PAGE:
Erich Schuttauf is the executive director of the American Association for Nude Recreation, a group that represents clothing-optional resorts. There’s been a lot of talk about nudism in the travel world lately, from two highly-publicized incidents this summer in which disruptive airline passengers disrobed, to the group’s efforts to coin a new term: the “nakation.” That’s right, folks. AANR has trademarked the word. Do nudists have an image problem? I asked Schuttauf.
Let me start by asking you about Keith Wright and Darius Chappille, two airline passengers who caused disruptions on separate flights this summer, during which they removed all of their clothes. How do incidents like this affect the nudist community?
It detracts from one of the core values in our mission statement, which is that we advocate for nudity only within appropriate settings. Nude when possible but clothed when practical.
While we’re on the subject of image, I wanted to ask you about Paradise Lakes Resort in Florida, which withdrew from your association after being temporarily suspended for violating what have been termed “family-friendly” principles. Do nudists have an image to uphold, and if so, what is it?
Behavior within the nudist community should require no apology. We have earned a reputation as the credible voice of reason for family social nude recreation since 1931 and take that reputation very seriously.
Section 1.4 of the AANR procedure manual says “it is important that we maintain the highest standards of courtesy, dignity, and personal integrity.” Call me a prude, but I think there are a lot of Americans who think the words “nudism” and “dignity” — let alone “personal integrity” don’t belong in the same sentence. Am I missing something?
Those who have not given nude recreation a try are definitely missing out on something: the level of body acceptance and personal comfort that comes with allowing yourself and others to be who you are. We often say it but a visitor to a nudist club doesn’t know a bank president from a bus driver. Likewise, those with scars or a few pounds to lose find self-confidence. Its about body acceptance rather than bodies.
AANR’s principles and standards state that you “recognize the essential wholesomeness of the human body and that life is enhanced by the naturalness of social nudity.” In a way, those are principles to which Keith Wright and Darius Chappille subscribed, too. Help me understand what make you different, please.
AANR’s mission clearly states we advocate for nudity within appropriate settings. We understand that nude recreation is not for everyone and are committed to being good neighbors.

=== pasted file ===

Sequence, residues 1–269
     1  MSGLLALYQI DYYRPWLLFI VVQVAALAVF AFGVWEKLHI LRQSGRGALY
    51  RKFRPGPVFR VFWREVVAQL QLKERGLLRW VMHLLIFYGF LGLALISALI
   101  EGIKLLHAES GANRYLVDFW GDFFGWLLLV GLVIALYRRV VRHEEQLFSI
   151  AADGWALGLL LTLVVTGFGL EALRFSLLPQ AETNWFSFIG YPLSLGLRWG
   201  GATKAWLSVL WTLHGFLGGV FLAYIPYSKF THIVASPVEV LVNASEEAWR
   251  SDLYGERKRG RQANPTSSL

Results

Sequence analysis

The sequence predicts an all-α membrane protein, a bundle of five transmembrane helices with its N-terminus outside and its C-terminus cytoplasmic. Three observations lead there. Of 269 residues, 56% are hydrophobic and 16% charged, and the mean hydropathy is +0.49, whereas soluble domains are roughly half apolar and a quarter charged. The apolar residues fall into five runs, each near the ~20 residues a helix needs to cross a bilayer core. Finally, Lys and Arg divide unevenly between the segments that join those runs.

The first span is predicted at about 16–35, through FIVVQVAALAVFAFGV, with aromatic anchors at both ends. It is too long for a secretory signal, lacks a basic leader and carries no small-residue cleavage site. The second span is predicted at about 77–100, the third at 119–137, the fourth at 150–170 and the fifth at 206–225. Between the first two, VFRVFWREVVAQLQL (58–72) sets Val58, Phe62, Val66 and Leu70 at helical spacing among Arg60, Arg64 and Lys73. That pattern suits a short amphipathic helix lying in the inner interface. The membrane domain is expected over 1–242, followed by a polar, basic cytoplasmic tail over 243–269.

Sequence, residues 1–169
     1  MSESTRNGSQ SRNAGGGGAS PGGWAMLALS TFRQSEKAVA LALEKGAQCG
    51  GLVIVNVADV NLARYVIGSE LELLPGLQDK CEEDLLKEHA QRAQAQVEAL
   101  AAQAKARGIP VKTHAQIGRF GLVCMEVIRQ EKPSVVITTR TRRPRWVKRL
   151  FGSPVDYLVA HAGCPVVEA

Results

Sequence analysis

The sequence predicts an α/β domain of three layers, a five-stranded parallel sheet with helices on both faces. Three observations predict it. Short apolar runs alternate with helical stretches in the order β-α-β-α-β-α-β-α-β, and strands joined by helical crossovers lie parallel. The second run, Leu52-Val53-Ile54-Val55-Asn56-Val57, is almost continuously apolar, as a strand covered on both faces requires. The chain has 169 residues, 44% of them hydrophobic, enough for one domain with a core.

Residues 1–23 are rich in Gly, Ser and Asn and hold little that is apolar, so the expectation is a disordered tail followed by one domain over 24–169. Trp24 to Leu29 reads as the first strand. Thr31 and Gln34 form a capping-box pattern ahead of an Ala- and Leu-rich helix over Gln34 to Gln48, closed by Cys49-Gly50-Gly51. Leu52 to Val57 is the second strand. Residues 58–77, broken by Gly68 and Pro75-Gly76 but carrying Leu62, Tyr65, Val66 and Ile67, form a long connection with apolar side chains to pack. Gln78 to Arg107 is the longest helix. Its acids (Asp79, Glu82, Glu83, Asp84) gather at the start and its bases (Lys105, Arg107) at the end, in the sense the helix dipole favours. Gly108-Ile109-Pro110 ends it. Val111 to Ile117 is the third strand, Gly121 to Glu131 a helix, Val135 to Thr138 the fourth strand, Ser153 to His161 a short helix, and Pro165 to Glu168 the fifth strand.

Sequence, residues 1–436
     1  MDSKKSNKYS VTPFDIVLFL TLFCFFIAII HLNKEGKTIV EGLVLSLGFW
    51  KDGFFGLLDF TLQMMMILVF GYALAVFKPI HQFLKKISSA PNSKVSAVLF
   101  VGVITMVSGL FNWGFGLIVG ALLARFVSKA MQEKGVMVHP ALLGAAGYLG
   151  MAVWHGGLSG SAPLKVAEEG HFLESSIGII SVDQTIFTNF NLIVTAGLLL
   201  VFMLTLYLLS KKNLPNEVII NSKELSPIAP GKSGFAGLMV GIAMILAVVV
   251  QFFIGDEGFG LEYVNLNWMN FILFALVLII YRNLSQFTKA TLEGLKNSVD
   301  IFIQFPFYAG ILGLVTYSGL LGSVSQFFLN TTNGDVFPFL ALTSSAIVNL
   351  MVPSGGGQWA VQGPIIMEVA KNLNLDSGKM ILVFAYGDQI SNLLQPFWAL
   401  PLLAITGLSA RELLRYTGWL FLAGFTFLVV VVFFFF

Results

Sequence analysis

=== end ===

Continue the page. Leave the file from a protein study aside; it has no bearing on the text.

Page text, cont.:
The latest Y Partnership 2009 National Leisure Travel Monitor finds that interest in nude recreation slipped from 11 percent in 2008 to 10 percent this year. In the interests of full disclosure, I should also mention the Y Partnership is your public relations firm. Are you concerned that your popularity has peaked?
Reviewing the entire study the traveling public’s interest in virtually all activities has dropped a little bit. I attribute this to the fact there are even more and more choices of things to do. And, relative to many widely popular activities, nude recreation is doing very well.
Speaking of your PR firm, I understand it coined the term “nakation.” That’s very clever. What do you think of that term?
A nakation is a vacation you will want to brag to friends about. I love the term chiefly because it’s so much fun. Anyone who has ever gone skinny-dipping or as a kid romped through the back yard sprinkler in their birthday suit knows. Nude recreation is fun.
I can’t help but notice surveys like TripAdvisor’s “5 naked events and top 5 nude beaches,” which, if you don’t mind me saying so, seem a little exploitative. Come to think of it, there are some who will think this interview is just a shameless attempt to attract visitors. Where do you cross the line between legitimate journalism and a titillating ratings grab?
We’re more than willing to have a little bit of fun in the media if it means having an opportunity to let others know about where they can experience the joys of going clothes-free. For example, in July we convinced members and first-time visitors alike to give swimming in the buff a try as we set a Guinness World Record for the most number of people simultaneously skinny dipping. We’re talking about 13,648 people in more than 100 locations throughout North America shedding clothes.
On the other hand the importance of maintaining credibility means that we’re committed to striking a balance. Nude recreation is a lot of fun to experience and to talk about, but only if we can be a good neighbor as we do so.
About a year ago, German entrepreneur Enrico Hess tried to start a clothing-optional airline. That hasn’t taken off yet, as far as I can tell. Given the slide in interest and the recent publicity issues that mainstream nudists have been faced with, would it be fair to conclude that the nudist movement has fallen on hard times?
Within our association, 2009 membership revenue has increased about 10 percent over 2008 figures. I know that a lot of my colleagues who lead other associations would be very happy to have numbers like those. Most clubs and resorts have remained resilient despite the drop in the economy. It is fair to say that members are traveling less and visiting clubs closer to home. There is a lot for which we are thankful.
(Photo: STML/Flickr Creative Commons)